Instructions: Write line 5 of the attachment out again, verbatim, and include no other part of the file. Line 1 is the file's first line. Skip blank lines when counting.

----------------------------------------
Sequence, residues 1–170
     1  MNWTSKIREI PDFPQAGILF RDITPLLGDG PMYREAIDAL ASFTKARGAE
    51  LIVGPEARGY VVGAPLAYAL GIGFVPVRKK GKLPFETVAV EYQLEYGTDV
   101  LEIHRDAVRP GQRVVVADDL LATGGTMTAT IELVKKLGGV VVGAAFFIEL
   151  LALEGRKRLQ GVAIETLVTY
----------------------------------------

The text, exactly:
   151  LALEGRKRLQ GVAIETLVTY